Fact check: Airlines are not banning vaccinated people from flying

The claims: Airlines are banning vaccinated people from flying 

As airports in the United States face a return to pre-pandemic air traffic levels due to lifted travel restrictions and reopened tourist attractions, misinformation surrounding flying and vaccines has surfaced online. 

Following false reports that British Airways was in "crisis talks" about whether to allow vaccinated pilots to fly, social media posts emerged claiming airlines are beginning to ban vaccinated passengers from flying. 

"Airlines begin to ban vaccinated people after pilots die due to vaccine," reads a June 26 Instagram post with more than 1,000 likes. The user captioned the post: "Flying and Clots."

A similar version of the claim, shared to Instagram on June 15, specifically mentions airlines in Spain and Russia, claiming they are "addressing the problem of blood clots and recommending vaccinated people not to travel." The image appears to have been captured from a Sky News Australia segment. 

But airlines in Spain and Russia, and everywhere else, are not banning vaccinated passengers from flying due to blood clot concerns. To the contrary, some airlines are encouraging passengers and staff members to get vaccinated against COVID-19. 

USA TODAY reached out to the Instagram users for comment. 

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No evidence of ban

Multiple airlines and organizations have confirmed there are no reports of airlines banning passengers who are vaccinated against COVID-19.

The U.S. Centers for Disease Control and Prevention says Americans who are fully vaccinated with a vaccine authorized by the U.S. Food and Drug Administration or World Health Organization can travel safely within the U.S. two weeks after their second dose.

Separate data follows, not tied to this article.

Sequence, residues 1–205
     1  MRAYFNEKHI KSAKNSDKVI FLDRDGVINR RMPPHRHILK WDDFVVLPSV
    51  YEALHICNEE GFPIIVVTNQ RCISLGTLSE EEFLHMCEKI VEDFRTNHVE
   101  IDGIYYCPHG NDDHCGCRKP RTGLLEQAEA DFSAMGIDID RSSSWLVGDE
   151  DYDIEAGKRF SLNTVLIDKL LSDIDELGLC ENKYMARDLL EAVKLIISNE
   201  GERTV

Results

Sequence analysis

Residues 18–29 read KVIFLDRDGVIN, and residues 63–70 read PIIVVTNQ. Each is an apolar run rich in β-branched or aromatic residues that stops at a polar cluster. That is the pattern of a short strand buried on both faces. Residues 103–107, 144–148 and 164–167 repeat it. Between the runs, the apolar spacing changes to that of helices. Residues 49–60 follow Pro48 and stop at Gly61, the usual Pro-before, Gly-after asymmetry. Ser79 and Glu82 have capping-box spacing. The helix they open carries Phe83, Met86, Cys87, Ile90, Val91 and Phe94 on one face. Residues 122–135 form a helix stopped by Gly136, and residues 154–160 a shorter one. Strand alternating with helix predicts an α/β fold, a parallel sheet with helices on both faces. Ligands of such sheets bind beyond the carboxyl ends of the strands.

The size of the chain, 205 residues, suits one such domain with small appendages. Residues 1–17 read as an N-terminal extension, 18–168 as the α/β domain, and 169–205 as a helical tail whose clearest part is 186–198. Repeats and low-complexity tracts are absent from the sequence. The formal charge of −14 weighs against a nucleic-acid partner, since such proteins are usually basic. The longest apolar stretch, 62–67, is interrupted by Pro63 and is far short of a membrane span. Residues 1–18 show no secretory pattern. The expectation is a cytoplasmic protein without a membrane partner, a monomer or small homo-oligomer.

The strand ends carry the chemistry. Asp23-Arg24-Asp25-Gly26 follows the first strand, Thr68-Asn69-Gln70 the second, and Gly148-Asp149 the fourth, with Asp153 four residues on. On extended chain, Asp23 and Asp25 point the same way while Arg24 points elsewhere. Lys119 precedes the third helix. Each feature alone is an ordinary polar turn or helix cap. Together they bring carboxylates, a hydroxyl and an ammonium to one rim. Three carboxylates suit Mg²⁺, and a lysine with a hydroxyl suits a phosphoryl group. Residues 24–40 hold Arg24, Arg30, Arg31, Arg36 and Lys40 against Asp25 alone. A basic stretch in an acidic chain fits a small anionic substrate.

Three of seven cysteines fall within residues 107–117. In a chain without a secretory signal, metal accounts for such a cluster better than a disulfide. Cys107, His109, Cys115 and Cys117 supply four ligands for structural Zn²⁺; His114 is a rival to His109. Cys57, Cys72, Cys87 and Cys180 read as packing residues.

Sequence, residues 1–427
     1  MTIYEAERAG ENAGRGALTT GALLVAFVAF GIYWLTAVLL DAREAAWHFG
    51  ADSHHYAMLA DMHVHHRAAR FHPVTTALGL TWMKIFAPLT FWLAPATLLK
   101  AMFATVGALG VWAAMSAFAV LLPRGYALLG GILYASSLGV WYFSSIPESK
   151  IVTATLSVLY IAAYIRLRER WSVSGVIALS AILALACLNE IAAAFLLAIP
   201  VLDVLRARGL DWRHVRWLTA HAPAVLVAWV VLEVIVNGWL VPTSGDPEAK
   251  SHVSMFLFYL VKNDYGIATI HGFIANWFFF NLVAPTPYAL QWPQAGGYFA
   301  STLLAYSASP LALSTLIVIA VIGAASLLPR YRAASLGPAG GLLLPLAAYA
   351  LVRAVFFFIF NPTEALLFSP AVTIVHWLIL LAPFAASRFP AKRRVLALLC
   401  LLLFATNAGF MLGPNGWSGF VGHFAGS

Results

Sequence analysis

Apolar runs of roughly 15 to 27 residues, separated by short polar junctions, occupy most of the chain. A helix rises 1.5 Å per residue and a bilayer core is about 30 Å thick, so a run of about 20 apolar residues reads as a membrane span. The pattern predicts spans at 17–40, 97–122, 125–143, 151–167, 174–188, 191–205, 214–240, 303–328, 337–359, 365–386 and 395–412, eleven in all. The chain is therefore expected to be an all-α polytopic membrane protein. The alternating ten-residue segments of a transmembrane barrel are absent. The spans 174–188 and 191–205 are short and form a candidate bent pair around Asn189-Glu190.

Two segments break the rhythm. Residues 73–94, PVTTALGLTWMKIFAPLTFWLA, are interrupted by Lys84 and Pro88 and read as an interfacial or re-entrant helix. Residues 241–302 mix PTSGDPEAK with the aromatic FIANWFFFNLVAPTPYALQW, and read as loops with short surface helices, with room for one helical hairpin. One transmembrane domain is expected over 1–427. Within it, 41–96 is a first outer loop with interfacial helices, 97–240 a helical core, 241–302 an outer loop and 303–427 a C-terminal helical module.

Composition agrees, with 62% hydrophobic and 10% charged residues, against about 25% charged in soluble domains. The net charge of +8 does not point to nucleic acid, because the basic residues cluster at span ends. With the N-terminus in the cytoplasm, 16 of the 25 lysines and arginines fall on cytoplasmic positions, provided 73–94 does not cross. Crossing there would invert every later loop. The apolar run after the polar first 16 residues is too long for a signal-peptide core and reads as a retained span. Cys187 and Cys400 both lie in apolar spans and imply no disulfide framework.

Perry Flint, a spokesperson for the International Air Transport Association, a trade association that represents about 290 airlines, told USA TODAY the organization is not aware of any airlines banning vaccinated passengers due to blood clot risks. 

"IATA's position is that travelers who are vaccinated should be free to travel without restriction," he said via email. 

Similarly, a spokesperson for the International Airlines Group told AFP New Zealand that the organization has not recommended vaccinated passengers refrain from flying. 

COVID-19 safety and vaccine travel information from airlines including AmericanSouthwest, DeltaAlaskaUnited and Spirit all make no mention of banning vaccinated passengers or employees from flying. 

A coronavirus aviation safety protocol from the European Union Aviation Safety Agency and European Centre for Disease Prevention and Control says proper certification of vaccination, recovery or pre-departure testing is "essential to ensure health safety of travelers."

Additionally, the policy recommends aircraft and airport operators inform employees of the advantages of getting vaccinated and "encourage them as much as possible" to get vaccinated against COVID-19 to reduce risk for themselves and other travelers who may not be able to receive the vaccine due to health reasons. 

Some airlines, such as Greece's Aegean Airlines and Russian airline Aeroflot, are encouraging passengers to get vaccinated and offering incentives in exchange.

Dubai's Emirates is encouraging employees to get vaccinated, and United said on June 22 that it will soon mandate full vaccination for crew members flying to high-risk countries, including India, Brazil, Chile, Peru, Colombia and Argentina.

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Our rating: False

The claim that airlines are banning vaccinated passengers from flying is FALSE, based on our research. There are no reports of any airlines banning vaccinated passengers, and organizations representing airlines said the claim is inaccurate. To the contrary, some airlines are encouraging or requiring passengers and crew members to be vaccinated against COVID-19.

Our fact-check sources: 

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